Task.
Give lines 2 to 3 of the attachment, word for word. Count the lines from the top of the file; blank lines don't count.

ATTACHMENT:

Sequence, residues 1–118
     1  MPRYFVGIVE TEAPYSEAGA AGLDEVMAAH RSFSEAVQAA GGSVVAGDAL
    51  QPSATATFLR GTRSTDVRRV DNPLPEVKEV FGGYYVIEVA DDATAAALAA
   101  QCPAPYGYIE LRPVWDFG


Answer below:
     1  MPRYFVGIVE TEAPYSEAGA AGLDEVMAAH RSFSEAVQAA GGSVVAGDAL
    51  QPSATATFLR GTRSTDVRRV DNPLPEVKEV FGGYYVIEVA DDATAAALAA